Theodore “Ted” Kaczynski, the Harvard-educated mathematician who ran a 17-year bombing campaign that killed three people and injured 23 others, died Saturday. He was 81.
Kaczynski died at the federal prison medical center in Butner, North Carolina, Kristie Breshears, a spokesperson for the federal Bureau of Prisons, told The Associated Press. He was found unresponsive in his cell early Saturday morning and was pronounced dead around 8 a.m., she said. A cause of death was not immediately known.
Kaczynski has been portrayed in and inspired multiple works. These include the 1996 television film Unabomber: The True Story, the 2011 play P.O. Box Unabomber, and the 2021 film, Ted K. He also authored several books.
He had been held in the notorious federal Supermax prison in Florence, Colorado, since May 1998 before being transferred to the prison medical facility.
Kaczynski was sentenced to four life sentences plus 30 years for committing 16 bombings from 1978 and 1995, permanently maiming several of his victims. He later issued a “manifesto” detailing his reasons for committing the crimes, blaming technology for society’s ills. The manifesto, “Industrial Society and Its Future,” was published by the Washington Post and New York Times under threat of more attacks. Ironically, the publication drew the attention of Kaczynski’s brother, who recognized the language and sentence patterns and called in to authorities.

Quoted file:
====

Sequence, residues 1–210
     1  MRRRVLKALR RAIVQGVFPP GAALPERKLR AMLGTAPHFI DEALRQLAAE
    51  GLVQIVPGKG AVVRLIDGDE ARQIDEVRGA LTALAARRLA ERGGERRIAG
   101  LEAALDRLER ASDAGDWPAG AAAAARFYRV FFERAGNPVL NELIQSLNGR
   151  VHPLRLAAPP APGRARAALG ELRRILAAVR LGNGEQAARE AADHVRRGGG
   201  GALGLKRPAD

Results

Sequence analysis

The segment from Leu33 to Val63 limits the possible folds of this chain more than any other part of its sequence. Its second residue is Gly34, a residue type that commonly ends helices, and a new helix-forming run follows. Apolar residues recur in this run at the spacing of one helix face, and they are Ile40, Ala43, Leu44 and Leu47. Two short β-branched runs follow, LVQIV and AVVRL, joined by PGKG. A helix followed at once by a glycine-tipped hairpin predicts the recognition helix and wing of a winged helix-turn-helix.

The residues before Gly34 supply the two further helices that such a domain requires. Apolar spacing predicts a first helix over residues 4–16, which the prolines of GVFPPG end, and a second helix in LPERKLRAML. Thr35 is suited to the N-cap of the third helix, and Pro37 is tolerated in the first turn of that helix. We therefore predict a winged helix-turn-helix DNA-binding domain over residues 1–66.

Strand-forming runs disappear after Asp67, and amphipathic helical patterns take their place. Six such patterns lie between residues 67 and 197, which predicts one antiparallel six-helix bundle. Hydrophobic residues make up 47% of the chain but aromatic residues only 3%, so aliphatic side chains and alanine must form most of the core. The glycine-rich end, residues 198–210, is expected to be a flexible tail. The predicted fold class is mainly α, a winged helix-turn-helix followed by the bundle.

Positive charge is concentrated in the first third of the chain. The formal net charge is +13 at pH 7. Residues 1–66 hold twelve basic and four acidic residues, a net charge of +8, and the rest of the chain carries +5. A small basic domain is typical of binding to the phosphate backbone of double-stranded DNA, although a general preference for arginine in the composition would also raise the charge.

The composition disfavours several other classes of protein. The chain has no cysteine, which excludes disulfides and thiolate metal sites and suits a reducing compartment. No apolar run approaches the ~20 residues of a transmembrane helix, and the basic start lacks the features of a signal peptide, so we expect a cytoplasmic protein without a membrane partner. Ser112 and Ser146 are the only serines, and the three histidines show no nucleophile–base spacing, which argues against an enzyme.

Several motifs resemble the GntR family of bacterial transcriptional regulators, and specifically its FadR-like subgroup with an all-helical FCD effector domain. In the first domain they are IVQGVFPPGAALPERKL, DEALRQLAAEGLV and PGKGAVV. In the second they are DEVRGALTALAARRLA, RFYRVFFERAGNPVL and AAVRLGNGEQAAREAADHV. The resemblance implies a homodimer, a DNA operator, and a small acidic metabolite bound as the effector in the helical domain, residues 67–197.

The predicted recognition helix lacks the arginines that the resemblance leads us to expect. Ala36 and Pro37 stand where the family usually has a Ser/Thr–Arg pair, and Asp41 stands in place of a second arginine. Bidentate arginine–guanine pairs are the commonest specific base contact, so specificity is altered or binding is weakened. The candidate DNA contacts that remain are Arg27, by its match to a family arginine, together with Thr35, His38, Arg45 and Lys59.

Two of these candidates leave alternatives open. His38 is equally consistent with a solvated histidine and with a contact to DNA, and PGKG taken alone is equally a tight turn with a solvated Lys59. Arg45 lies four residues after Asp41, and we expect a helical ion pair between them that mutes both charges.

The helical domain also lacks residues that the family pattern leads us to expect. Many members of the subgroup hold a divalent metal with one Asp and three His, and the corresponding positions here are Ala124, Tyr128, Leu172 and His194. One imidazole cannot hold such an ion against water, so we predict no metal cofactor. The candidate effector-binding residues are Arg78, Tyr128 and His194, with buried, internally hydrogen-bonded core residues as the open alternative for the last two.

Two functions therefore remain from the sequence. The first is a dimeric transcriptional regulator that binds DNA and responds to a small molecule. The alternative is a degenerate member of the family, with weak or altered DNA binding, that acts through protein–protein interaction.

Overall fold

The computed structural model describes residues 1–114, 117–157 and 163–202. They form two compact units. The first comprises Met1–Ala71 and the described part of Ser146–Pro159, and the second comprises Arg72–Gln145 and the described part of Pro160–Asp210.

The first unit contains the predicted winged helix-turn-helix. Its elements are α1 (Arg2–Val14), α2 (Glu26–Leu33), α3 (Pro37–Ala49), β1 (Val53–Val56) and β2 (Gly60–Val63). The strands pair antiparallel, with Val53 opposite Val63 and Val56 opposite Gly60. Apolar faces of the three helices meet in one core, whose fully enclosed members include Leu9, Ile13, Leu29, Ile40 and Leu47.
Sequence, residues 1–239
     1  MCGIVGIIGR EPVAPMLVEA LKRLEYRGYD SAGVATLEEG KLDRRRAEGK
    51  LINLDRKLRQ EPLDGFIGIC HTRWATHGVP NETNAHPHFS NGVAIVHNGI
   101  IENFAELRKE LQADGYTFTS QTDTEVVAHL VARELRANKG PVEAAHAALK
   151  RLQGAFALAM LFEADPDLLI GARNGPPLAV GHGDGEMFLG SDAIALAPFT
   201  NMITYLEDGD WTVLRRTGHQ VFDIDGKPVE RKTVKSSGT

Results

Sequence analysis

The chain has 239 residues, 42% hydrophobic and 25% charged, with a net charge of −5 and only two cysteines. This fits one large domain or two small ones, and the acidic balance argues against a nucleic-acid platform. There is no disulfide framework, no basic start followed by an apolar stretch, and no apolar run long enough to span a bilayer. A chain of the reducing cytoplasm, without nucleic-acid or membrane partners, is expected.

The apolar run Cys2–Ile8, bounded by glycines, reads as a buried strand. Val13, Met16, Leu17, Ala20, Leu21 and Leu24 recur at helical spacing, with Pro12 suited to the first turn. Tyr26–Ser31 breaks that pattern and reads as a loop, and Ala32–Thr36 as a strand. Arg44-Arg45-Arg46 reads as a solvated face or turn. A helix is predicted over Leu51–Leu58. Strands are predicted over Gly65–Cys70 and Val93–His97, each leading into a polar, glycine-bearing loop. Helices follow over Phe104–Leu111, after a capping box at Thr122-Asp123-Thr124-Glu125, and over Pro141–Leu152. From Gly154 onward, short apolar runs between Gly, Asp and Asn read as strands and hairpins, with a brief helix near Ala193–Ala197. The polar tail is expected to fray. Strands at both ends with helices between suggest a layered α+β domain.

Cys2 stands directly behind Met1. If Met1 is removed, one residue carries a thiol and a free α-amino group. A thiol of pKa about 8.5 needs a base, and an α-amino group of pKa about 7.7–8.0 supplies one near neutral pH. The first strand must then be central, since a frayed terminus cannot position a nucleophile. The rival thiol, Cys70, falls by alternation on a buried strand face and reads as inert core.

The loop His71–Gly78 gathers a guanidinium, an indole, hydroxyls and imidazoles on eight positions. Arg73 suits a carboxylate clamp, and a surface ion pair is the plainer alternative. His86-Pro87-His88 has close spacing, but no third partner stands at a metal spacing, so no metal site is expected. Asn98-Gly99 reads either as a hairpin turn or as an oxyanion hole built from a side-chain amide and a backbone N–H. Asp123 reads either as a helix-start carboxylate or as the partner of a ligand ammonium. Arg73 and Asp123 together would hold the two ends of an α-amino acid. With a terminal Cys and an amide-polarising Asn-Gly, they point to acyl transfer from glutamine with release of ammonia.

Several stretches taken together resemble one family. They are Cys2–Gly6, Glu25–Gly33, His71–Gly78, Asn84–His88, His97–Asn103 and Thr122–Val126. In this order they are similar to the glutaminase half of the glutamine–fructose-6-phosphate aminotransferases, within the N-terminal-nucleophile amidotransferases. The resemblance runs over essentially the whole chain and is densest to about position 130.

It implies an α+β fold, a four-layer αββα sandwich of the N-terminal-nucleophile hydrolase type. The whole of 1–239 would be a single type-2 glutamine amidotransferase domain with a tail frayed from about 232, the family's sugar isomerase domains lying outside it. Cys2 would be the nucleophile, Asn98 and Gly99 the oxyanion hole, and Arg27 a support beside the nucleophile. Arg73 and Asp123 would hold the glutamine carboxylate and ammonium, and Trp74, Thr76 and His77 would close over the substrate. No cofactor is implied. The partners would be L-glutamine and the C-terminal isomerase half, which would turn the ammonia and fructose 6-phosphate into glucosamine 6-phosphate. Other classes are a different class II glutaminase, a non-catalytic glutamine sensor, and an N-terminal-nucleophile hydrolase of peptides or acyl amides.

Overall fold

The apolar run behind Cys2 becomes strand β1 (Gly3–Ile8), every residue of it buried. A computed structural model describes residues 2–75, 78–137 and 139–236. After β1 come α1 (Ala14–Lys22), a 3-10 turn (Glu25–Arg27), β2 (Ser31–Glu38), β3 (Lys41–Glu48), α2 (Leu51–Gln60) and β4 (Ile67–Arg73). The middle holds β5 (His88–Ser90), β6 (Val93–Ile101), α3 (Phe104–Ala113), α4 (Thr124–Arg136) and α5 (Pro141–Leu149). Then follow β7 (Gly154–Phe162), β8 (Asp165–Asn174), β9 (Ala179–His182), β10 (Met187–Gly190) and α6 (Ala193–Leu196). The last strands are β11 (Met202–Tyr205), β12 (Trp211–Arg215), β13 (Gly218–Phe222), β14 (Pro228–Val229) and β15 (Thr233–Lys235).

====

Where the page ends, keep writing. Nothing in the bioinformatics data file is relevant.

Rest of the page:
The Unabomber’s homemade bombs led to change in mailing and boarding procedures for airlines, and at one point shut down air travel on the West Coast in July 1995.
Authorities captured him in April 1996. He was arrested at a 10-by-14-foot plywood and tarpaper cabin outside Lincoln, Montana. Inside were journals, a coded diary, explosive ingredients, and two completed bombs.
The Associated Press contributed to this story.